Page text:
Earlier this year, the Information and Privacy Commissioner Angelene Falk (Commissioner) made a landmark determination on a data breach by the then Department of Immigration and Border Protection (DIBP) that resulted in the sensitive information of 9,258 asylum seekers being made publicly available.
The million dollar mistake
In February 2014, as was the practice at the time, the DIBP uploaded its monthly “Immigration Detention and Community Statistics Summary” online. What was not usual practice, however, was to mistakenly embed within it an Excel document that contained highly sensitive information on all individuals being held in mainland detention and on Christmas Island. This included reasons why those individuals were considered to be unlawful non-citizens by the DIBP. The information was publicly available for eight days until the DIBP was notified by a journalist about the data breach, and for another eight days after that on an archive website.
Breaches of the Information Privacy Principles found
As the breach occurred in February 2014, the Commissioner examined the Privacy Act 1988 (Cth) in operation at that time, which contained the Information Privacy Principles (IPPs). The DIBP was obligated to comply with the IPPs at the time of breach. Following amendments to the Privacy Act 1988 (Cth) in March 2014, the IPPs were replaced by the Australian Privacy Principles (APPs).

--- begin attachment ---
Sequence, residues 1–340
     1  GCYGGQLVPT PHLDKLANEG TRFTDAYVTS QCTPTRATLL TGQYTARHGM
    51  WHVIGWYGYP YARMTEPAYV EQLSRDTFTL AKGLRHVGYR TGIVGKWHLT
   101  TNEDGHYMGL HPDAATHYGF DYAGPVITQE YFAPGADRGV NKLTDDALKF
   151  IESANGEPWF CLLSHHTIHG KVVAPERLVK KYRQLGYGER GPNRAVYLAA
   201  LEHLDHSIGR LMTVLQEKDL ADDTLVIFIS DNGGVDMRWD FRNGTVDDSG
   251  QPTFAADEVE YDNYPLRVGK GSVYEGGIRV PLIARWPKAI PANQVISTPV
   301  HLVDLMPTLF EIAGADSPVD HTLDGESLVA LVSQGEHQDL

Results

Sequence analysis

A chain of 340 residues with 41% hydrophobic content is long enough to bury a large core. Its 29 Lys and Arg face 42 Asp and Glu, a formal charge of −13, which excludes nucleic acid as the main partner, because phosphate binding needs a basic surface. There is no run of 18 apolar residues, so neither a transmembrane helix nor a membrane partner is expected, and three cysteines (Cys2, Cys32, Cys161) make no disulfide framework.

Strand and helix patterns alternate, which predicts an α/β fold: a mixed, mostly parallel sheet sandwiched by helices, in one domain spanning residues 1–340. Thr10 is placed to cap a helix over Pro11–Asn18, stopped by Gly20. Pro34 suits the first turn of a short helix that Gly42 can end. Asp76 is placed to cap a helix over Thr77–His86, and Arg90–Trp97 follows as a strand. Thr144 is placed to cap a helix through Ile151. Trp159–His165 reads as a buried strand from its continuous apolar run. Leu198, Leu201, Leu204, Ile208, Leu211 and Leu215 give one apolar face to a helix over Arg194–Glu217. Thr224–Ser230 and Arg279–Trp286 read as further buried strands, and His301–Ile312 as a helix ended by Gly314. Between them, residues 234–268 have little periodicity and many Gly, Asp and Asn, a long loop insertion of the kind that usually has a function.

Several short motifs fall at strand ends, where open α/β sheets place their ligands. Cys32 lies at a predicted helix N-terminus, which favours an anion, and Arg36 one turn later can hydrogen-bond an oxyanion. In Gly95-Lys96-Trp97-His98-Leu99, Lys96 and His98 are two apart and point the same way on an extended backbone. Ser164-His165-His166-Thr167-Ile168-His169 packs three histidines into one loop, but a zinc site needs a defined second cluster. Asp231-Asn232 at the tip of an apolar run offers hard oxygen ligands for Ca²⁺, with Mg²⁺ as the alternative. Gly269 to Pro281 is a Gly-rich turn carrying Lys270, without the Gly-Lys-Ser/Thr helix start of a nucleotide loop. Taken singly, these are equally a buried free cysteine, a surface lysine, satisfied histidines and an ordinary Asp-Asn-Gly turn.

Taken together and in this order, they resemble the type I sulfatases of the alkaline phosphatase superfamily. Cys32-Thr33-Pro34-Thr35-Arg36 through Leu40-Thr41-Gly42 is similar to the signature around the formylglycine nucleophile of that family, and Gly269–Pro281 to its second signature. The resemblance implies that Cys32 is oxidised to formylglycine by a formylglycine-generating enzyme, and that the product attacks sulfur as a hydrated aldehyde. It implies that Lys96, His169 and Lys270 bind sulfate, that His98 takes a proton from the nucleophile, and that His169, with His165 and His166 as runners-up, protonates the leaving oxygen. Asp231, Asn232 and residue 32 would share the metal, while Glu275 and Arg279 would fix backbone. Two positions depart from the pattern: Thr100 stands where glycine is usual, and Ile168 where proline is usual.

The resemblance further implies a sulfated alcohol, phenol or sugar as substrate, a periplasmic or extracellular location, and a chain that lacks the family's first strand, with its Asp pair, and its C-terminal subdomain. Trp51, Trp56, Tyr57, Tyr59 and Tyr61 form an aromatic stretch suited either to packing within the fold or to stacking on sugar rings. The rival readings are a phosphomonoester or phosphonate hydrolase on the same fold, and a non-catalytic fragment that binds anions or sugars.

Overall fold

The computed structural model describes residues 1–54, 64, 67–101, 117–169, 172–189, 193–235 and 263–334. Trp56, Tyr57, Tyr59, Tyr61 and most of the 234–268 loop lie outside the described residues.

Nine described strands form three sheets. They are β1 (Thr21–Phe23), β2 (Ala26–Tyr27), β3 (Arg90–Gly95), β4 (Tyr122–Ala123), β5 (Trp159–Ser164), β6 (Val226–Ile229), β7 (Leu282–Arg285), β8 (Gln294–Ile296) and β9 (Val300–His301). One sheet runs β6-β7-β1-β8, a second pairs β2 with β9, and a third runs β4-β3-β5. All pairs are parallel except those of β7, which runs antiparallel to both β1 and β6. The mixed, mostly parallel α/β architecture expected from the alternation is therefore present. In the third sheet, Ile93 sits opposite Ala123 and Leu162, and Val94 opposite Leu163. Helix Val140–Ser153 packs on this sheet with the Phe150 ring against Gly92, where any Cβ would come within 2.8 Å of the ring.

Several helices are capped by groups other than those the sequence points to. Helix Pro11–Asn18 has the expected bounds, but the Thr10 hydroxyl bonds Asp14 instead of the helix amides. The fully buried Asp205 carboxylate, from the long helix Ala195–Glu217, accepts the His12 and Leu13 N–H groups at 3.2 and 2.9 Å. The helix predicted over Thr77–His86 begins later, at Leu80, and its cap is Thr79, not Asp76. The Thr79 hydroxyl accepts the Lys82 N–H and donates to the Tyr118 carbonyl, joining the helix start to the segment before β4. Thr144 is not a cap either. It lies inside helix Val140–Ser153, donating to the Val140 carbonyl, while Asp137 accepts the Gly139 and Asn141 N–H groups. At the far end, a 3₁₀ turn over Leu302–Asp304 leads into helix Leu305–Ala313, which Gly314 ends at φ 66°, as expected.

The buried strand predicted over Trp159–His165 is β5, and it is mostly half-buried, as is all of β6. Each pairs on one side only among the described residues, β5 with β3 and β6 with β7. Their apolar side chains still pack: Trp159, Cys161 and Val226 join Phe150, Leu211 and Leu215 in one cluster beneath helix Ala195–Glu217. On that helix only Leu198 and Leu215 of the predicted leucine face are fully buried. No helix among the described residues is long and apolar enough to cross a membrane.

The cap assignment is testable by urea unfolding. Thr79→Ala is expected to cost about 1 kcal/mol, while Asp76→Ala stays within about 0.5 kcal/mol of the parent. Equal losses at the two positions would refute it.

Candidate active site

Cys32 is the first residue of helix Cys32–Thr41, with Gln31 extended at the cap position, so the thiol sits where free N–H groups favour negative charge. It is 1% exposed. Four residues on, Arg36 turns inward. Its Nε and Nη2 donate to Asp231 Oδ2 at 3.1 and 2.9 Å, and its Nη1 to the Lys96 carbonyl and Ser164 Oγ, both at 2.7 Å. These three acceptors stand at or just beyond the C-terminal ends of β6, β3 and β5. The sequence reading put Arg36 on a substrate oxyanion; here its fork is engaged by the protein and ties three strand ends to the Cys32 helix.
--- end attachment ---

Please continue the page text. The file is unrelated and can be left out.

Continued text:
In examining the breach in relation to the IPPs, the Commissioner determined that DIBP had breached:
- IPP 11 (most similar to APP 6) in improperly disclosing the personal information of detained individuals on a publicly accessible website; and
- IPP 4 (most similar to APP 11) in failing to implement reasonable safeguards to protect personal information from loss, unauthorised access, use, modification or disclosure or other misuse.
Pay up: the OAIC’s largest non-economic loss award to date
The Office of the Australian Information Commissioner (OAIC) considered evidence from victims of the data breach, and created a scale of non-economic loss ranging from $500 for “general anxiousness” all the way up to $20,000 for “extreme loss or damage”. Compensation will be assessed according to this scale on an individual basis by the Department of Home Affairs.
Cumulatively, compensation may be anywhere from $648,500 to almost $26 million, and represents an unprecedented shift from the OAIC’s traditional hesitancy to award non-economic loss for data breaches.
Notifiable data breaches also on the rise
In the same month in which this determination was handed down, the OAIC released the July to December 2020 Notifiable Data Breaches Report in which the Australian Government entered the top 5 industry sectors for the first time.
Of these five sectors, the Australian Government had the lowest rate of detection within 30 days at 61% and was also reported to have the lowest rate of notifying the OAIC within 30 days at 58%.
As in the data breach involving asylum seekers, of the 33 data breaches reported to the OAIC between July to December 2020, 29 were attributable to human error. During this period, overall breaches increased by 5% to 539.
Unfortunately, data breaches appear to be commonplace, regardless of the sector in which they occur. Only this month, Swinburne University made a public apology after names, emails and phone numbers of 5,200 individuals were made available on the internet.
If you need advice on data breaches or general privacy obligations for your business, please contact a member of Thomson Geer’s National Intellectual Property team for a confidential discussion.
Stephanie McHugh | Lawyer | +61 3 8080 3554 | email@example.com
Emma Halliday | Law Graduate